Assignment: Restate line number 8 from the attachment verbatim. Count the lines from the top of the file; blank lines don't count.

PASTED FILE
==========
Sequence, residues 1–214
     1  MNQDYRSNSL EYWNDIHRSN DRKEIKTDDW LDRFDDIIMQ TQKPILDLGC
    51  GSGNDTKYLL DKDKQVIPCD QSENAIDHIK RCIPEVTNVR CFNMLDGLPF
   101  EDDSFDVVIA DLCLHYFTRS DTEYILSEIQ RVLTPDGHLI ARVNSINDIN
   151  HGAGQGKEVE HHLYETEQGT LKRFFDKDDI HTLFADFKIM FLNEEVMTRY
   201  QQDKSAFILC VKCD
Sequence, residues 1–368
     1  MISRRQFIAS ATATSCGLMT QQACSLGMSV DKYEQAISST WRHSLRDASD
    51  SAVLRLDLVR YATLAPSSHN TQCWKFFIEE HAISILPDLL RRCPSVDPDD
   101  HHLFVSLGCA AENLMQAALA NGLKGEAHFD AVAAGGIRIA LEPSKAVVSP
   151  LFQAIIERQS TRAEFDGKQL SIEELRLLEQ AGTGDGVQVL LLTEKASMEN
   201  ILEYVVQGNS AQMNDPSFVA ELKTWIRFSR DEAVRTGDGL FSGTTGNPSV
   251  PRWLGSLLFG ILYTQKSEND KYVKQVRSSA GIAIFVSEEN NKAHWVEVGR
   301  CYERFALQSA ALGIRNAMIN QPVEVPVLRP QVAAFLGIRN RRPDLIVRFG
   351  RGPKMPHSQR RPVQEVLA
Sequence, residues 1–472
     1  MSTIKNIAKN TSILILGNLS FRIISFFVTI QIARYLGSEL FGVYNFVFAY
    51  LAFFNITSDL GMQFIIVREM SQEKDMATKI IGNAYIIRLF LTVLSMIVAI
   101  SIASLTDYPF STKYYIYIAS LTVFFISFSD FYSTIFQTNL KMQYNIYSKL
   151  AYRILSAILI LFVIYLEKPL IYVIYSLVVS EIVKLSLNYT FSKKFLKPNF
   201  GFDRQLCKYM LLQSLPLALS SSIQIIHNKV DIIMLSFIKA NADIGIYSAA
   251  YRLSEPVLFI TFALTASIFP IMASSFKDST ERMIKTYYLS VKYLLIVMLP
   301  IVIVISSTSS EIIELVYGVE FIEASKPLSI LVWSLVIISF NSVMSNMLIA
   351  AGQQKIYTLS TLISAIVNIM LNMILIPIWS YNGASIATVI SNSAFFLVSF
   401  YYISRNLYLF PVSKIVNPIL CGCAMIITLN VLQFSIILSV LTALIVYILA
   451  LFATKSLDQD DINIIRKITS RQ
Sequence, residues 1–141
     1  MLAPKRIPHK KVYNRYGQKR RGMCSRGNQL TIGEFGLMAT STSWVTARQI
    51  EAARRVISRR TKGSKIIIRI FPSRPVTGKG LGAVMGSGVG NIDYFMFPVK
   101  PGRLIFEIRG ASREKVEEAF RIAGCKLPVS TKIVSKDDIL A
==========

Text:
     1  MISRRQFIAS ATATSCGLMT QQACSLGMSV DKYEQAISST WRHSLRDASD